Yesterday’s presidential nomination primary was a success.
I likened this primary to ‘jumping off the dock into the lake together’—we took the plunge with our partners at the cities and counties, as well as the voters of Minnesota. We hadn’t held a binding primary like this since 1956, and so there was no real way to predict how voters would turn out.
Results are still unofficial, but my office is reporting over 885,000 primary voters, or statewide turnout of 21.7%. That 885,000 represents a 177% increase compared to participants in the 2016 caucuses.
I am thrilled that Minnesotans turned out in these numbers for our new presidential primary. The purpose of this new election was to swing the doors wide open to more participation, and yesterday we saw just that. Many of these voters chose to cast their ballots early, which highlights another benefit of the primary: our 46-day no excuses absentee period. Minnesotans have shown that they’re confident in our election system and eager to participate in the selection of the most powerful office in the nation. I still believe there is time to place some guardrails around the party preference data collected in this election, which will ensure voters that we are serious about protecting their privacy.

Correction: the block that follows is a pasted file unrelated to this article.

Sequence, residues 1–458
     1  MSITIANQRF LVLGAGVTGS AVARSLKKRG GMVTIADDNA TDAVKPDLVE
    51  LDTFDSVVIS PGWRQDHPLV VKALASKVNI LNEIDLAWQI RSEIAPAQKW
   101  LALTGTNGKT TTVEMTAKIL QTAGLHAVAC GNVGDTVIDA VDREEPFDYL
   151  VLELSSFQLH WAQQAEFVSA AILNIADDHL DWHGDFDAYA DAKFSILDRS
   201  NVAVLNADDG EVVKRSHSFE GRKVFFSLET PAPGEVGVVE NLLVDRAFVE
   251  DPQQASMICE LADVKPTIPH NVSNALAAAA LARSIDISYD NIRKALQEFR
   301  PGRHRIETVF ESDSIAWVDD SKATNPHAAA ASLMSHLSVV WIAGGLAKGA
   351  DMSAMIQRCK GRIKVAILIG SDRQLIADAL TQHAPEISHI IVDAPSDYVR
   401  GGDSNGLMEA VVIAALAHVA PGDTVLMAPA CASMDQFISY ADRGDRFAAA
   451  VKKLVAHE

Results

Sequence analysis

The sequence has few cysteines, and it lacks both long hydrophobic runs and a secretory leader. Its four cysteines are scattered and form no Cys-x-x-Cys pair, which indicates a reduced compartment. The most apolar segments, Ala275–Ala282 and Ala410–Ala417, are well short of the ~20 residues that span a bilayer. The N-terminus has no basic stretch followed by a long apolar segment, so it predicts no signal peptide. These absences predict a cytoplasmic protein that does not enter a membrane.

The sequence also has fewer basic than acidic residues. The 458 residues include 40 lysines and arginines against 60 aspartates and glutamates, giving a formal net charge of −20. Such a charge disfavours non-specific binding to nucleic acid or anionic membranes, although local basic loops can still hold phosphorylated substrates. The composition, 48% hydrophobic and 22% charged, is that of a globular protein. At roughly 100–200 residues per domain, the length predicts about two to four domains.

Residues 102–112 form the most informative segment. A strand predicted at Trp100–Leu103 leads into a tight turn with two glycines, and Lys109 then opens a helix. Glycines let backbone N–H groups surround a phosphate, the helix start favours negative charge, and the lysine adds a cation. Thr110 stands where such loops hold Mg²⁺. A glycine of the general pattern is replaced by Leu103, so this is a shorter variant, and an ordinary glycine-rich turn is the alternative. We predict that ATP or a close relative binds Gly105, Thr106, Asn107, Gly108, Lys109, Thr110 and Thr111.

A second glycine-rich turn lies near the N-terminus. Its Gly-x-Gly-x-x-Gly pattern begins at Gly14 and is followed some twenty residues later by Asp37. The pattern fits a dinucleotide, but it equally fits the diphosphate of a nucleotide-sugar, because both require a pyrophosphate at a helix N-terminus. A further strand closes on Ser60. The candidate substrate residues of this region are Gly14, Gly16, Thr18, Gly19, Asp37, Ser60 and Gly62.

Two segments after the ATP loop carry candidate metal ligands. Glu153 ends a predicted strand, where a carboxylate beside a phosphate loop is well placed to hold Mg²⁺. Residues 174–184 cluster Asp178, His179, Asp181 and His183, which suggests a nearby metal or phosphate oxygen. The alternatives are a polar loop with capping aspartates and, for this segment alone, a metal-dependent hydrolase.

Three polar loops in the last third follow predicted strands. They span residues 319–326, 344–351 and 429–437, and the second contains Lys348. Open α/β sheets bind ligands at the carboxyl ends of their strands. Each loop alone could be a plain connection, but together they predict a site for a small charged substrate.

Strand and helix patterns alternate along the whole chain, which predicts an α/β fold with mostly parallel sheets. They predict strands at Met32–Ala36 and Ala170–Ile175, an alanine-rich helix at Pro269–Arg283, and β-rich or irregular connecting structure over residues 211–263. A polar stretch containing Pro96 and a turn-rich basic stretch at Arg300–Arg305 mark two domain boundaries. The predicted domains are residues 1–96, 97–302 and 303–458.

Throughout the day yesterday, I was in touch with local election administrators at the county level, and the feedback I received was uniformly positive. Notwithstanding the erroneous pollfinder link that was briefly displayed by my office, the election was administered well. Polling places were operating smoothly, election results were transmitted and reported reliably, and there were no major problems with voting.
I’m heartened by this display of our state’s civic engagement. I, my office, and local officials around the state now look ahead to the August primary and November general election, and look forward to providing the same secure and reliable service to the people of Minnesota.
See results from the March 3, 2020 Presidential Nomination Primary here.
News Room Archive